The Tax Court of Canada recently released a decision in Bandi v. The Queen which dismissed an appeal by a taxpayer who participated in a charitable giving program in 2003. The taxpayer claimed a charitable donation tax credit which was initially allowed but then disallowed after a reassessment by the Minister. The gift totaled $5,996 and consisted of a cash payment and four software licenses. The Court found that there was no evidence that the software licenses even existed which makes it impossible for the software licenses to have been gifted. The Court also found that the taxpayer could not receive a tax credit for the cash gift that was provided since the cash gift could not be considered in isolation from the overall plan which was not properly implemented.
The Court noted “ The appellant insists that his cash donation should be considered separately from the alleged gift of the software licences. I disagree. In Maréchaux v. The Queen, the Federal Court of Appeal agreed that it is inappropriate to separate transactions forming part of an integral arrangement into their cash and non-cash parts.”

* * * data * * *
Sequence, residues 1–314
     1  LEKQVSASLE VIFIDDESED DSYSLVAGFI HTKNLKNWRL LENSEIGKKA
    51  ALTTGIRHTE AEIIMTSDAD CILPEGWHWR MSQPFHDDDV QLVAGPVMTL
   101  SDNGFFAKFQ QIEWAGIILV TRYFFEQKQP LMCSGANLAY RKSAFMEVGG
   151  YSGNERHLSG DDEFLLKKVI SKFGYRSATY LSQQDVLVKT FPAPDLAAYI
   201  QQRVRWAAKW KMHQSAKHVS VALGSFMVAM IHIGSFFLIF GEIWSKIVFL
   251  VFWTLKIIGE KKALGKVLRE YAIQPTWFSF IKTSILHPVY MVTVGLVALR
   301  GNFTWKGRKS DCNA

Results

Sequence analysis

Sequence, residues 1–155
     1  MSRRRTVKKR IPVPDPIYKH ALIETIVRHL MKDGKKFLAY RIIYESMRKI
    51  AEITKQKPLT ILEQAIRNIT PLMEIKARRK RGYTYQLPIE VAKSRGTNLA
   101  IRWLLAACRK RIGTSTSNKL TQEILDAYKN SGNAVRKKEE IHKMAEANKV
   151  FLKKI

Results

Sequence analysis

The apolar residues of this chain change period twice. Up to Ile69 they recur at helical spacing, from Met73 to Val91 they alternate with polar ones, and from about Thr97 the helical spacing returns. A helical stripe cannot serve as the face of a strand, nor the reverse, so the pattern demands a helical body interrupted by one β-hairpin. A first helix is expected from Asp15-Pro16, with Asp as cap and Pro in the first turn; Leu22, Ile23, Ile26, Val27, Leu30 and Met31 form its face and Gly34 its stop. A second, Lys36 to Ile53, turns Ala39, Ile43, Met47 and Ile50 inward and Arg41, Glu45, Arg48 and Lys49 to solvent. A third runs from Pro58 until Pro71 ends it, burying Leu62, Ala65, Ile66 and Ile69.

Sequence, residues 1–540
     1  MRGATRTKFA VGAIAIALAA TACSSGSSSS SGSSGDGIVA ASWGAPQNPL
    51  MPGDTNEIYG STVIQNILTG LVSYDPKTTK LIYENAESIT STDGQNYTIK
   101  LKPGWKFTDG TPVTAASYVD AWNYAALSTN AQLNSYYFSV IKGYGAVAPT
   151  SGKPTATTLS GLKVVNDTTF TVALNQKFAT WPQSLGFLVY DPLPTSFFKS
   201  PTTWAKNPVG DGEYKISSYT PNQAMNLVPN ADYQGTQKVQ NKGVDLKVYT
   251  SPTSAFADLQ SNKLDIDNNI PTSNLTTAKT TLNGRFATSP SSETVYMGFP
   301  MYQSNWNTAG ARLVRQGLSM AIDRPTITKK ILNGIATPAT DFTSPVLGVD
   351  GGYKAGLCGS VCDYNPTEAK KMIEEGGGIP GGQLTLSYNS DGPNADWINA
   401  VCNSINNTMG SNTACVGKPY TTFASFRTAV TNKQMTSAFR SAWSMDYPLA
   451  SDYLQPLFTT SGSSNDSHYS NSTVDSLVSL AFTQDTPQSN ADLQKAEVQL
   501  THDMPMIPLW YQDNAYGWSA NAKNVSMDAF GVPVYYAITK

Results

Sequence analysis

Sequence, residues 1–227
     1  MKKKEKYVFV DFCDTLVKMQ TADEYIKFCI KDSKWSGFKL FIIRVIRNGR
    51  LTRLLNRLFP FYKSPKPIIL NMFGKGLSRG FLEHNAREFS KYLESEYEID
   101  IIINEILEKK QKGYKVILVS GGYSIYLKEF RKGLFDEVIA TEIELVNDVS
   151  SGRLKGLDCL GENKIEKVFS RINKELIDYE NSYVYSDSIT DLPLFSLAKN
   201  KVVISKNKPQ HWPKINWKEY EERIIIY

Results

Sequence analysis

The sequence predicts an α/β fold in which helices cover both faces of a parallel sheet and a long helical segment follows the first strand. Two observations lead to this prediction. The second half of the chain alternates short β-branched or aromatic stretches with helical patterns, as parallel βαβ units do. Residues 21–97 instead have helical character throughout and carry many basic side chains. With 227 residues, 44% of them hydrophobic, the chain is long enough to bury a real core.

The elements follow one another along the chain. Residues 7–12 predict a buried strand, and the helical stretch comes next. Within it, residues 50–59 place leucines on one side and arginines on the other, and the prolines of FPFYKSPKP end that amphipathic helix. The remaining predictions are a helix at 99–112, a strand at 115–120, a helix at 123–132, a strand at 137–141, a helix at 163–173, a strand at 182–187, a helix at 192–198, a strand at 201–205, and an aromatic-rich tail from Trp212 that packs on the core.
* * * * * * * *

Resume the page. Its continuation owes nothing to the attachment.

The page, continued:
The Court dismissed the Appeal based on the fact that, “...evidence shows that the appellant’s goal was not to enrich himself. Rather, he intended to profit by participating in the Program through the acquisition of software that could be gifted to a charity for an enhanced tax benefit. The appellant’s expectations in this regard nullified his donative intent. His alleged cash gift cannot be considered in isolation from the overall plan, which the evidence shows was not properly implemented.”
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Mark Blumberg is a partner at the law firm of Blumberg Segal LLP in Toronto and works almost exclusively in the areas of non-profit and charity law.